Factmata’s mission is to use artificial intelligence solve the problem of mistrust and misinformation in online content.

In November 2016, Factmata’s founder, Dhruv Ghulati received €50K from the Google Digital News Initiative to begin building a Google Chrome plugin that could scan online content for any misleading or inaccurate content.

I began working pro bono with Factmata shortly after in December 2016 and concluded my time with them in July 2017. 

Inspired by recent political events, I was interested in exploring how design could power positive change, and felt personally compelled by the technology. At the time, I was the only designer and one of three people working on the project. 

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Manual fact-checking is struggling to compete with a highly robust and rapidly evolving enemy.


The solution?

Artificial Intelligence

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How it works

Factmata technology is able to use AI to dissect a statement and understand the claim within it. Understanding the technology powering Factmata was crucial for me as a designer. After grasping the implications of what Factmata was and what it could do, it was then my task to design a user interface that is unobtrusive, informative and most importantly, simple to use in front of a complex and very technical product.

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User interviews

Through interviews and observation, I explored how users consume the news and how they checked facts that they read online. Users said: 

• "There are so many statistics getting thrown around all the time, it's so confusing and they could all be slightly-true, it's hard to know"

• "If I am just reading something from a source that I don't know of Facebook, I would probably research the subject and try to find it on a publication I read regularly and trust. I [do this] every couple of days"

When asked what could make the fact-checking experience better, the users expected:

• "I want to see how true something is for an article. Statistics would be a big thing"

• "I want to be able to verify quotes, see their context, and know what speech it is from originally”

Key insight

Conclusion: Facts stated online can be confusing and there is no one easy way to check if they are right or not. A fact checker that could check statistics or show the context of certain statements would be useful for the user.

Early sketch of Google Chrome plugin concept

Early sketch of Google Chrome plugin concept

usability testing

Because the Chrome plugin featured a lot of information, I made sure to test my designs regularly for comprehension.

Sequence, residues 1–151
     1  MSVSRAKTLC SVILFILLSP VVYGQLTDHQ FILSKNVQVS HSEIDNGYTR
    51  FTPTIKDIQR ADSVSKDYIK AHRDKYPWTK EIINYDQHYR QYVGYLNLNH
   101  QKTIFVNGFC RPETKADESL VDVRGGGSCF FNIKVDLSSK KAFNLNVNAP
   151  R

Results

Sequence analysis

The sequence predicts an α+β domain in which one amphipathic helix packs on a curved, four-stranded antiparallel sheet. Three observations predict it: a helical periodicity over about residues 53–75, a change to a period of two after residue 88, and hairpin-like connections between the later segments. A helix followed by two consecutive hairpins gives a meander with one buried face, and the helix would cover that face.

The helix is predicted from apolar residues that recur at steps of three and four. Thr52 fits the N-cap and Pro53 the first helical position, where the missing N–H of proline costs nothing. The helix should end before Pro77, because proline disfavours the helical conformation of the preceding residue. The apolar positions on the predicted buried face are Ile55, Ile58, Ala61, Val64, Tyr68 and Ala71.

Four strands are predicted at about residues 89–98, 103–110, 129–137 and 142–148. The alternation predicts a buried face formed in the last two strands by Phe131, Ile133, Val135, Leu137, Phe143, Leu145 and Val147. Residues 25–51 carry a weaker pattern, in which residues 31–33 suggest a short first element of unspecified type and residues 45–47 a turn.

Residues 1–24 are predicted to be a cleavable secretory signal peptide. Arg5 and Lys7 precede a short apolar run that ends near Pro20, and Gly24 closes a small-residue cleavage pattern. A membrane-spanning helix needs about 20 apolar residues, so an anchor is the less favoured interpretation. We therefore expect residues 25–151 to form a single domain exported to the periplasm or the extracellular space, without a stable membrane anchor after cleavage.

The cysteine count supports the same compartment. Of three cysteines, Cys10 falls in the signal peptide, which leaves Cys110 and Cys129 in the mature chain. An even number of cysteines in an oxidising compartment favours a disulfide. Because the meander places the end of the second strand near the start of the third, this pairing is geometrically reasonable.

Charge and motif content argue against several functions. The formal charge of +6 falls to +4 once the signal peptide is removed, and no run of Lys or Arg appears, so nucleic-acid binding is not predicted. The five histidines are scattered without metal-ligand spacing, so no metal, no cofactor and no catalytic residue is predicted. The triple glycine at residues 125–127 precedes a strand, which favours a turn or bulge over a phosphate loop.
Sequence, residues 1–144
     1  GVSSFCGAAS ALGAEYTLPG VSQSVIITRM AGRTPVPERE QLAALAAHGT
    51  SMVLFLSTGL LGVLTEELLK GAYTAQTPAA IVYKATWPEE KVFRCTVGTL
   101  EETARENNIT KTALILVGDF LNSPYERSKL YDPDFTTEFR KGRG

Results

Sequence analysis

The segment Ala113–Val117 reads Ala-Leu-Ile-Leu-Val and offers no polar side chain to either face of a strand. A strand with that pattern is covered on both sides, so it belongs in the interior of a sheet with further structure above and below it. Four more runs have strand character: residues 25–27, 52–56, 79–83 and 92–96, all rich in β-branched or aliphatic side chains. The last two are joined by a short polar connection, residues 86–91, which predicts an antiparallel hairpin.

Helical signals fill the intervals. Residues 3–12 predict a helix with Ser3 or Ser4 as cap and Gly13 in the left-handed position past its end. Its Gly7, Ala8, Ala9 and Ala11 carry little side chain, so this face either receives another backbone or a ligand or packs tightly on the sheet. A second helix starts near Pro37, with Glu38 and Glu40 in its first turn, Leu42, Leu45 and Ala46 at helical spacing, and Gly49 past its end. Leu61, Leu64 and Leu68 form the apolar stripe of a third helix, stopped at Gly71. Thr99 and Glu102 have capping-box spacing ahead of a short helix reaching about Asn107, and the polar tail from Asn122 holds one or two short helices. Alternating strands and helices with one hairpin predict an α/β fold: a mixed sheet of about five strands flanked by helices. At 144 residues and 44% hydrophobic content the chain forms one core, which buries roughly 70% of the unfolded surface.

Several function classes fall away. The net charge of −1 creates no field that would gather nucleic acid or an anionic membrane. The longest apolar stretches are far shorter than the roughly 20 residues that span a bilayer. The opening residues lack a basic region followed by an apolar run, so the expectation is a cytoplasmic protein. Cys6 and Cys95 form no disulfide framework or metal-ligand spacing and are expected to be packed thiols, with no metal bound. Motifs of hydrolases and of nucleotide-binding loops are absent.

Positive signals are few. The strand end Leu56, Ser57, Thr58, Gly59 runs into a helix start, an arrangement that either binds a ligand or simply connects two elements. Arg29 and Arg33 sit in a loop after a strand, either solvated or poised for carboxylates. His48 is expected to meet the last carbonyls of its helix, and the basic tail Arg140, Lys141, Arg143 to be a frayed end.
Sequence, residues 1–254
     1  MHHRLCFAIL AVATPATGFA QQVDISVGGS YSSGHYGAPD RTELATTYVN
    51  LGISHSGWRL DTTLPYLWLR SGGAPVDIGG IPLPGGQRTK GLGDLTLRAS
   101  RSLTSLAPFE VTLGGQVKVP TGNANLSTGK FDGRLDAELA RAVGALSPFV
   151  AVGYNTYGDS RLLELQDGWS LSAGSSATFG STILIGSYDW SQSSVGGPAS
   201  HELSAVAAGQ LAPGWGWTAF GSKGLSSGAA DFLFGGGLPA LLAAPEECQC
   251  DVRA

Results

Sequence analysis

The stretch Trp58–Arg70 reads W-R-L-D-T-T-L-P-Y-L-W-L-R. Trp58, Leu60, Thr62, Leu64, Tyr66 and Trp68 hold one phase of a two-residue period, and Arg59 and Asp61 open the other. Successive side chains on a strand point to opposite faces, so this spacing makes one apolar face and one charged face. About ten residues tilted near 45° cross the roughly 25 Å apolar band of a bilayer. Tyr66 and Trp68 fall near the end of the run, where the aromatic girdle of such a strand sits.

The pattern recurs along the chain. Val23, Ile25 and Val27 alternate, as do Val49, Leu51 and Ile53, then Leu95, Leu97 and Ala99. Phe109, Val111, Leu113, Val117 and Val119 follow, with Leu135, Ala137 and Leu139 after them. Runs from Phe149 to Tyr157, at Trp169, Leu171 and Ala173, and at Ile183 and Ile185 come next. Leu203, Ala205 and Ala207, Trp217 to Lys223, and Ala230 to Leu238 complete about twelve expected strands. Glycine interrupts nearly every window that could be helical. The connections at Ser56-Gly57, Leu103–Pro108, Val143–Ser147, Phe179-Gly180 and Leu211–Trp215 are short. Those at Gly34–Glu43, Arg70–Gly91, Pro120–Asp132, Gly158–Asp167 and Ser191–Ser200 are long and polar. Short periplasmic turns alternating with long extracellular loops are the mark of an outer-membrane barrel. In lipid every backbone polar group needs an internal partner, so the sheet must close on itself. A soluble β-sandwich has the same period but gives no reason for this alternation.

In an effort to make an experience as simple as possible, I opted for a simple rating system that gave a grade for the webpage and then the overall news source It tested poorly because users wanted to be able to see sources for themselves.

Feature prioritization exercise (MoSCoW method)

Feature prioritization exercise (MoSCoW method)

Iterative Design

From the user interviews and usability testing session, I then began prioritizing potential features. Users said they wanted to be able to see what claim was being contested, and what other sources said about the claim. 

Initial Sketch that was created as a result

Initial Sketch that was created as a result

Phase 1

Prototype for fact-checking tool that presents facts for users to reference against as a seamless part of user’s browsing experience. Users could fact-check online content without needed to leave the webpage.

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Google Chrome plugin Experience

  1. Plugs directly into browsing experience

  2. Locates and returns relevant source and correct information

  3. Additional peer-to-peer verification via sharing and commenting

  4. Detects and checks any written claim

After designing a Chrome plugin for a news reader, I explored other ways to expand Factmata’s product offering.

Phase 2

Example design for  The Sun News

Example design for The Sun News

The technology could be used by news sources themselves so they could verify content before before publishing.

 An assisted fact-checking referencing tool for newsrooms and subeditors so they could cite and add clickable references for their readers. This could stop misinformation in its track by preventing it from even being published.

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Phase 3

A trust seal to be the most trusted and recognized brand for verified information.

Example design for the  New York Times

Example design for the New York Times

Designing for Business Development

By accurately verify online information, Factmata could become a trusted brand for readers and an identifiable badge for truth.


Factmata Project Summary

With Factmata, I worked directly with the founder and watched the team and product grow. As the first designer on the project, I was given the freedom to establish what Factmata’s fact-checking tool could do, in addition to would look and feel like. 

I felt personally compelled to contribute my time and design skills to Factmata as part of my pro bono work in addition to working full-time at American Express. Working with Factmata changed the direction of my career and made me feel that changing the world through design was not only possible but urgent. And it opened the door for me to begin focus on the social impact projects that I am building today.